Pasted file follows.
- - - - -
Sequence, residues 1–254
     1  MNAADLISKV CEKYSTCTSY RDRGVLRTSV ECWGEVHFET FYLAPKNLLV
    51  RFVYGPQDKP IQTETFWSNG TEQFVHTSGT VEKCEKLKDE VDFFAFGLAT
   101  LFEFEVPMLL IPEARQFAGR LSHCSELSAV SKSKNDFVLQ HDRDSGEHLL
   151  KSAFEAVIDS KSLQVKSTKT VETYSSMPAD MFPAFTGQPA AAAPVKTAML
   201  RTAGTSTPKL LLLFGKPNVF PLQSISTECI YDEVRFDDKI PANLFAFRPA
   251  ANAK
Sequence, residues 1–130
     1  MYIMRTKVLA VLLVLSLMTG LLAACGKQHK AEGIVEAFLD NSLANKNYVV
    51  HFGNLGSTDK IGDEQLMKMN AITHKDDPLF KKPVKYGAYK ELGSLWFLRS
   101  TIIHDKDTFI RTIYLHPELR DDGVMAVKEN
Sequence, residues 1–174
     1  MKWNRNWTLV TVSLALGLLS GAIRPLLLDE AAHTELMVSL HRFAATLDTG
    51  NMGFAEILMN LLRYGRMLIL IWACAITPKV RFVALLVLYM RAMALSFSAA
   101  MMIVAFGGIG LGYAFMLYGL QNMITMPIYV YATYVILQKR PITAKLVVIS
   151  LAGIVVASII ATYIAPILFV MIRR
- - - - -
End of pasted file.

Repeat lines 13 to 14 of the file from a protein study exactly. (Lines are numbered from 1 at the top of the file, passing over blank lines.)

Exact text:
     1  MKWNRNWTLV TVSLALGLLS GAIRPLLLDE AAHTELMVSL HRFAATLDTG
    51  NMGFAEILMN LLRYGRMLIL IWACAITPKV RFVALLVLYM RAMALSFSAA